In the court of Sunspear, in the grand hall of the Sandship, amidst the revelery of the courtiers and ladies and knights who flock to the troubled halls of the Old Palace, a feast took place. A feast, and… an incident.
Thrown for vague purposes—the arrival of Lord Wyl’s heir seemed cause enough—the feast was well on its way when Prince Marence arrived with Coran Wyl (“Just Coran”, as he would note to those who prefixed “Ser” before his name; and that was a matter of speculation, that he lacked knighthood, stirring old gossip in some quarters). Wyl, a gracious man, made sure to reacquaint himself with his fellow former hostages from the Red Keep, from the Toland twins through to Lady Joleta Gargalen, and so too did the prince introduce him to Caitrin Dalt and her husband, Ser Laurent. It was all quite proper, even if somewhat strange, given the tensions between the Wyls and the Martells. It was even remarked that Prince Marence and Coran got on well, better even than Marence got on with his actual brothers. Perhaps it was the kinship that made them so easy, for Coran is half a Martell, old Princess Lyrella’s son. Or perhaps it was the fact that Marence made all efforts for his guests, while making sure he had the seat next to Princess Ariana, with whom Coran spent a good deal of time conversing (there were many knowing looks among veteran courtiers, at that).
But matters, as they often do, took a turn. After a fine time at the high table, where Coran spoke with several other guests at the table, most notably Princess Ariana, Prince Marence departed for a time to attend to some matter ... and hot on his departure, Prince Rhodry arrived, to make a rare spectacle. Seeming quite sober despite the smell of wine about him (a dangerous sign), he clashed briefly with the Toland twins before setting his sights on the high table. No matter what efforts were made to distract him, he seemed set on being rude: taking his brother’s place, hoping out loud he’d have the chance to kill Coran’s father, speaking of Davit Gargalen as a cripple and Mavros Uller as a woman, and worse, or so it was said. Matters came to a head when he knocked aside a cup that Wyl, an acquaintance from the days before the Young Dragon’s invasion when the prince and his paramour were often at Yronwood, proferred to him. Setting it spinning, reminding Wyl that he takes no man’s leavings, matters looked poorly.
Then they became worst. Because the Black Tempest, who for a time was well-known to be keeping his company (but no longer), could not stand his boorish behavior anymore. From her place at another table, she shouted at the prince, and what she said turned a few heads. She claimed he had forgotten where he was, that he must think they were his slaves but that he was mistaken; but if he wanted to own people as if they were property again, he could go back to the Free Cities.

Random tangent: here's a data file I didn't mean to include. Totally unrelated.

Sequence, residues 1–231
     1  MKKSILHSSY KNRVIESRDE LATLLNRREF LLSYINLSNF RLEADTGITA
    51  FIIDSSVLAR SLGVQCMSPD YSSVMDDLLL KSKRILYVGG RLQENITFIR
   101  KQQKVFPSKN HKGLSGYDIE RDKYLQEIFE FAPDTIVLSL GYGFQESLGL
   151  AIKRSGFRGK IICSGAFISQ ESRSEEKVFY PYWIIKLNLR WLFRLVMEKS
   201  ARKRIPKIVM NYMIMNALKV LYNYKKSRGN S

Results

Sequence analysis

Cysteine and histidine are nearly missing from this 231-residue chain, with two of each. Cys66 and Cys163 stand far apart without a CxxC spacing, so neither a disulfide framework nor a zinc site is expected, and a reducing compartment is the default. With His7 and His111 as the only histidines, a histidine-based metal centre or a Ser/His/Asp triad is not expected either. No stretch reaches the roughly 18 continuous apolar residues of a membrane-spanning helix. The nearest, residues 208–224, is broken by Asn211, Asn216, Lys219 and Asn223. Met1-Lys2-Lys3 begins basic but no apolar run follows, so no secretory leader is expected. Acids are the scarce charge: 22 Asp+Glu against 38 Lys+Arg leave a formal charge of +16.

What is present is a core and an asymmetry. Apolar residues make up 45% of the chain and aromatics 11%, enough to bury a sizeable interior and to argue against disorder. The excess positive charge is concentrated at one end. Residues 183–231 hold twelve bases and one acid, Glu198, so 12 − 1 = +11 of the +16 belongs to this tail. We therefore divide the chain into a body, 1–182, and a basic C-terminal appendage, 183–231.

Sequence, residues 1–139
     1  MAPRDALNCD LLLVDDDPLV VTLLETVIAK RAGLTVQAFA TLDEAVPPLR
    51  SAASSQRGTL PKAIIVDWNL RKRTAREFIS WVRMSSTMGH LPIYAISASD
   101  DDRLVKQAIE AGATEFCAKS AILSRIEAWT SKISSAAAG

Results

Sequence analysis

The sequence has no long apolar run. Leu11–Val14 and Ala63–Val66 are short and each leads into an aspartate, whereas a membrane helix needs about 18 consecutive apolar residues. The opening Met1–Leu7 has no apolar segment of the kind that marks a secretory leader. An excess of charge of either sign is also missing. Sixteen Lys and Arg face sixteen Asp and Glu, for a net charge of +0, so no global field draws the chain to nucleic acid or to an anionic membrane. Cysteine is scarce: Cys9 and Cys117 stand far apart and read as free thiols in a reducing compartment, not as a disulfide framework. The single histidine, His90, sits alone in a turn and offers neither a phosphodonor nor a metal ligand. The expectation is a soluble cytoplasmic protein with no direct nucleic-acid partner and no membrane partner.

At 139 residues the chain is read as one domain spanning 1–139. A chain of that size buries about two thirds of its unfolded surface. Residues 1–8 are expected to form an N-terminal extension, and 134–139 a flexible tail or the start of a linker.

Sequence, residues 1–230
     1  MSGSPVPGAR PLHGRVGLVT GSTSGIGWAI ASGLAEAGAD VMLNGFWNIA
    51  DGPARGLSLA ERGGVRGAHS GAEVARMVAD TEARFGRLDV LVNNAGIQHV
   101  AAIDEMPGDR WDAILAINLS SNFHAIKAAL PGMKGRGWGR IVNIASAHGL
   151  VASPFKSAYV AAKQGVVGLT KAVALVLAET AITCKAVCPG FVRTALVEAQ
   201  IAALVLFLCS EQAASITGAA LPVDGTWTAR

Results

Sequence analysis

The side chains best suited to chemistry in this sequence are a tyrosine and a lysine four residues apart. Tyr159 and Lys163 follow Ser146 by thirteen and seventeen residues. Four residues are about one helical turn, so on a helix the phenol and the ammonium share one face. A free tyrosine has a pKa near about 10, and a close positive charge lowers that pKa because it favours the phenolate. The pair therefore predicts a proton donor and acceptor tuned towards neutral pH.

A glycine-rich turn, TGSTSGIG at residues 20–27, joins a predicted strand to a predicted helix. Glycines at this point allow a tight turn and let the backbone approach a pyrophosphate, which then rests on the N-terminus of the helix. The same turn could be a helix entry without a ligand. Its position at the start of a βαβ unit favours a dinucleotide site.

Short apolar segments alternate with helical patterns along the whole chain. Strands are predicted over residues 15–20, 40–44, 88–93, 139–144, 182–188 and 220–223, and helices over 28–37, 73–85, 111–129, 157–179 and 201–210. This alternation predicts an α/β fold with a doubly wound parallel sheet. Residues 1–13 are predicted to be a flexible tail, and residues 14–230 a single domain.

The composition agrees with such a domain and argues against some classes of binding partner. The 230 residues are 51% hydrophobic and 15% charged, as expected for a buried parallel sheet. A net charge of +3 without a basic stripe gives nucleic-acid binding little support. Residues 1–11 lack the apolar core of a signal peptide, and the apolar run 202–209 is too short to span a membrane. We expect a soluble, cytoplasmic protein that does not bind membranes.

And then Marence arrived, mercifully, before matters escalated… though there were those who felt the moment to learn some new enormity of the prince’s doings was dashed, because of it. Marence, a man known for his even-temper, was in a cold rage. He threatend to send the prince, his brother, to the terrible, desolate prison-isle of Ghaston Grey if he said another word, or refused to depart.
Rhodry retreated. And after, after it was said that Marence spent a great deal of time speaking with Coran Wyl, who seemed not-so-very-charming after the incident. Has youngest of Princess Coryanne’s sons, the ill-omened prince, ruined a hope to resolve these matters peaceably?
Prince Rhodry departed the Old Palace for his manse in the shadow city. But not, someone observed, someone who knows men with watchful eyes, before passing by a smaller manse in another quarter of the city, a manse owned by Ser Mavros Uller, a manse used by his bastard daughter, Samara Sand, a woman he fetched from the Free Cities under mysterious circumstances, and one who is presently approaching her time to deliver herself of a child, the gods willing.
In the Marches, King Baelor remains weak, but he lives. Blackhaven’s maesters declared him fit to travel with great care, in a slow-going litter, and so the Dragonknight now escorts him, little by little, to Storm’s End, where Lord Baratheon’s maester is said to be renowned for his study of serpents, their venoms, and the treatment of the same. And all the while, Prince Viserys sits on the Iron Throne as the Hand of the King, watching the ravens fly between the Red Keep and the Tower of the Sun, keeping his council, and (some say) biding his time.
Also in the Marches, the notorious bandit, Red Rhys of the Scourge, and a troop of scoundrels and broken men numbering variously from forty to two hundred, fell upon a Marcher village in the small hours, it’s said, pillaging it and putting it to the torch; most of the villagers survived in the shelter of the holdfast, but not all. When local knights—already much-angered by what had befallen the king, and only barely restrained by the efforts of Lord Dondarrion—learned of it, they sallied into the mountains, and set alight a Dornish hamlet… one without a holdfast; there were few survivors.